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|United States Senator|
January 3, 2001 - November 23, 2002
|Roger B. Wilson|
|First Lady of Missouri|
January 11, 1993 - October 16, 2000
Jean Anne Carpenter
December 20, 1933
Washington D.C., U.S.
(m. 1954; died 2000)
|Children||4, including Russ, Robin, and Tom|
|Education||George Washington University (BA)|
Jean Anne Carpenter Carnahan (born December 20, 1933) is an American politician and writer who was the First Lady of Missouri from 1993 to 2000, and served as the state's junior United States Senator from 2001 to 2002. A Democrat, she was appointed to fill the Senate seat of her husband Mel Carnahan, who had been posthumously elected, becoming the first woman to represent Missouri in the U.S. Senate.
Born Jean Anne Carpenter in Washington, D.C., to a working-class family, Carnahan was determined to go to college. She and her future husband, Mel, both went to Anacostia High School where they sat next to each other in class. Jean worked through the year while attending George Washington University. She graduated in 1955 with a degree in Business and Public Administration, the first in her family to graduate from high school and college. She is an alumna of Kappa Delta sorority.
She married Mel Carnahan in 1954 and two years later they moved to his home state of Missouri. As her husband entered politics, she became his political partner. He was elected Governor of Missouri, serving from 1993 to 2000. She was an activist First Lady: an advocate for on-site day care centers for working families, childhood immunization, abuse centers, the arts, and Habitat for Humanity.
In 2000, Governor Carnahan ran for a Senate seat from Missouri against incumbent Republican John Ashcroft. Three weeks before election day, the governor was killed in an airplane crash, along with their son Randy (who piloted the plane) and Chris Sifford, the governor's chief of staff and campaign advisor. Due to the short amount of time before the election, Missouri election law did not allow his name to be removed from the ballot. Acting Governor Roger Wilson announced that he would appoint Jean Carnahan if her husband were to posthumously win the election, making her effectively the Democratic candidate by proxy.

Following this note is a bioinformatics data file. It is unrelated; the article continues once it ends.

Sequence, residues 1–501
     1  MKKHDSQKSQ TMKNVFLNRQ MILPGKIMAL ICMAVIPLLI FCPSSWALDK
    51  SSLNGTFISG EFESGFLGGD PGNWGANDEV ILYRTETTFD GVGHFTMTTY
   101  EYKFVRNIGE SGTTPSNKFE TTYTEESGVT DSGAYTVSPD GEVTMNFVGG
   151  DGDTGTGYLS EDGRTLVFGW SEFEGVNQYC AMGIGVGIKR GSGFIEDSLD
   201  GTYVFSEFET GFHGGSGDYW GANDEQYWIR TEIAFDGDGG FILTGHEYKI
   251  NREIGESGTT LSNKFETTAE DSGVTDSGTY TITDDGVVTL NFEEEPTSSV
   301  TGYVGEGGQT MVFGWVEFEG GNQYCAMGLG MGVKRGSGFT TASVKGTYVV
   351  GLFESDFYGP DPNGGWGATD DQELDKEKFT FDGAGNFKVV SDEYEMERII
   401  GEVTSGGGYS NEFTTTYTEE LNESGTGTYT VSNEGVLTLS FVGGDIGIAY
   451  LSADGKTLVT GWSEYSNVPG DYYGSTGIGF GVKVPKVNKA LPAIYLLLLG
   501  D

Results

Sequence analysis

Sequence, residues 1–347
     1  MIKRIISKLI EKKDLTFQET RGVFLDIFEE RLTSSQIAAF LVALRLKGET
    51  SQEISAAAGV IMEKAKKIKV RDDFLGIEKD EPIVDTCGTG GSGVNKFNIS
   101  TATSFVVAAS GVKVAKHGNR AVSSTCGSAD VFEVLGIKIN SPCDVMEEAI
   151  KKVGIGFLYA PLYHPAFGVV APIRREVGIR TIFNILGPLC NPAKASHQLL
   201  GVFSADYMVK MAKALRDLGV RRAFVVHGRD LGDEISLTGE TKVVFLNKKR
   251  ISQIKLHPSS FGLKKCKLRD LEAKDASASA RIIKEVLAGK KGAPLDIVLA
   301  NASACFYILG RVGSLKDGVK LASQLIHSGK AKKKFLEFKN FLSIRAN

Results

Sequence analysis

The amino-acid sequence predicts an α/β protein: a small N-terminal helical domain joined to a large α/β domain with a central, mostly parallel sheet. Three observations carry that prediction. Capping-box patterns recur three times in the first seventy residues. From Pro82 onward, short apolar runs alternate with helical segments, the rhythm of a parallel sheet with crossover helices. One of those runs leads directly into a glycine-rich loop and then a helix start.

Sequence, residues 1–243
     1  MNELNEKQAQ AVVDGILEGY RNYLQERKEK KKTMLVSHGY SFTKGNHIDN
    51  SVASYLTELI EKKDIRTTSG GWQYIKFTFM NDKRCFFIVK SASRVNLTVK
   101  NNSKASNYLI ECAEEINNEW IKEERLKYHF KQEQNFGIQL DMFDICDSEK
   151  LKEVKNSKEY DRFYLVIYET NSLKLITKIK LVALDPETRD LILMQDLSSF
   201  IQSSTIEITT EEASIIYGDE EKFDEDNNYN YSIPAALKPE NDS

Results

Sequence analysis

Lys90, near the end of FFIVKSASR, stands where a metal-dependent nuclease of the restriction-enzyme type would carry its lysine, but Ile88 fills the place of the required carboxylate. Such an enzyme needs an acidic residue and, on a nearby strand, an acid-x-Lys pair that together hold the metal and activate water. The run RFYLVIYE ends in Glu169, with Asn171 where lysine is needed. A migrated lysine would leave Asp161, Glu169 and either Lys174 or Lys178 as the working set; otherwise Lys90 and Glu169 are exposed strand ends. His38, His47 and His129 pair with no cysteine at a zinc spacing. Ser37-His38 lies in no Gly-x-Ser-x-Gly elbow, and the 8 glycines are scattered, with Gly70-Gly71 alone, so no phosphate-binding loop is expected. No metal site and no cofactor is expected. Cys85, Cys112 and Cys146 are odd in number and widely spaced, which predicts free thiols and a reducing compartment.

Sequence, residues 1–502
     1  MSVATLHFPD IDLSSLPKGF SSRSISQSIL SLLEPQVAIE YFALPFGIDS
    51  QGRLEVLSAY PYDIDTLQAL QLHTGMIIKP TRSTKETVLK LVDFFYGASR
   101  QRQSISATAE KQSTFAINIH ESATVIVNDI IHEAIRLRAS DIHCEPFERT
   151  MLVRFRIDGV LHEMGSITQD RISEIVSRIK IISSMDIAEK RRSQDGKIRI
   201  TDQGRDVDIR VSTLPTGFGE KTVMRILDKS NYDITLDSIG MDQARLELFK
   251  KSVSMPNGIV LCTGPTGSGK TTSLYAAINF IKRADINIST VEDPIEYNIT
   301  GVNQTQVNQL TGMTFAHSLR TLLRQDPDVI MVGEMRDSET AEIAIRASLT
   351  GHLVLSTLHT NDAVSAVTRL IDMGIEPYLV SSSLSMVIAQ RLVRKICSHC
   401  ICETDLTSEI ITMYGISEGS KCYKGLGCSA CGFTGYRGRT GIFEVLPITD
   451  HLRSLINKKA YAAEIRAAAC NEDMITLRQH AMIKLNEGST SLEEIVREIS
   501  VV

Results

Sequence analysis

Out of respect, Ashcroft suspended his campaign during the mourning period for the governor. Jean Carnahan did not actively campaign but announced that she intended to accept Wilson's appointment; she filmed one campaign commercial.
The race had been close before the accident, and Mel Carnahan posthumously won (51-48%), receiving 1.19 million votes out of 2.36 million cast. Jean Carnahan was appointed to the Senate in 2001, but under Missouri law, she would serve only until a special election could be held.
Ashcroft was subsequently nominated by President George W. Bush to be US attorney general, and because cabinet appointments are subject to Senate approval, Carnahan found herself in the unusual position of casting a vote against the nomination of her de facto opponent.
In 2004, Carnahan's son, Russ Carnahan, was elected to Congress, and her daughter Robin Carnahan was elected Missouri Secretary of State. Robin's bid to follow her mother as a United States Senator failed, however, when she was defeated by Republican U.S. Representative Roy Blunt in the 2010 election to succeed retiring Republican Senator Kit Bond. Russ Carnahan lost his House seat in the 2012 elections after his district was eliminated, forcing him to run in a Democratic primary against fellow incumbent William Lacy Clay, Jr., whose district encompassing inner-city St. Louis was kept largely intact.
Since losing her Senate race, Jean Carnahan has continued as an activist and author. She has written six books and numerous opinion pieces. The title of her 2004 book is a phrase used during the 2000 campaign to elect her husband to the Senate after his death, Don't Let the Fire Go Out.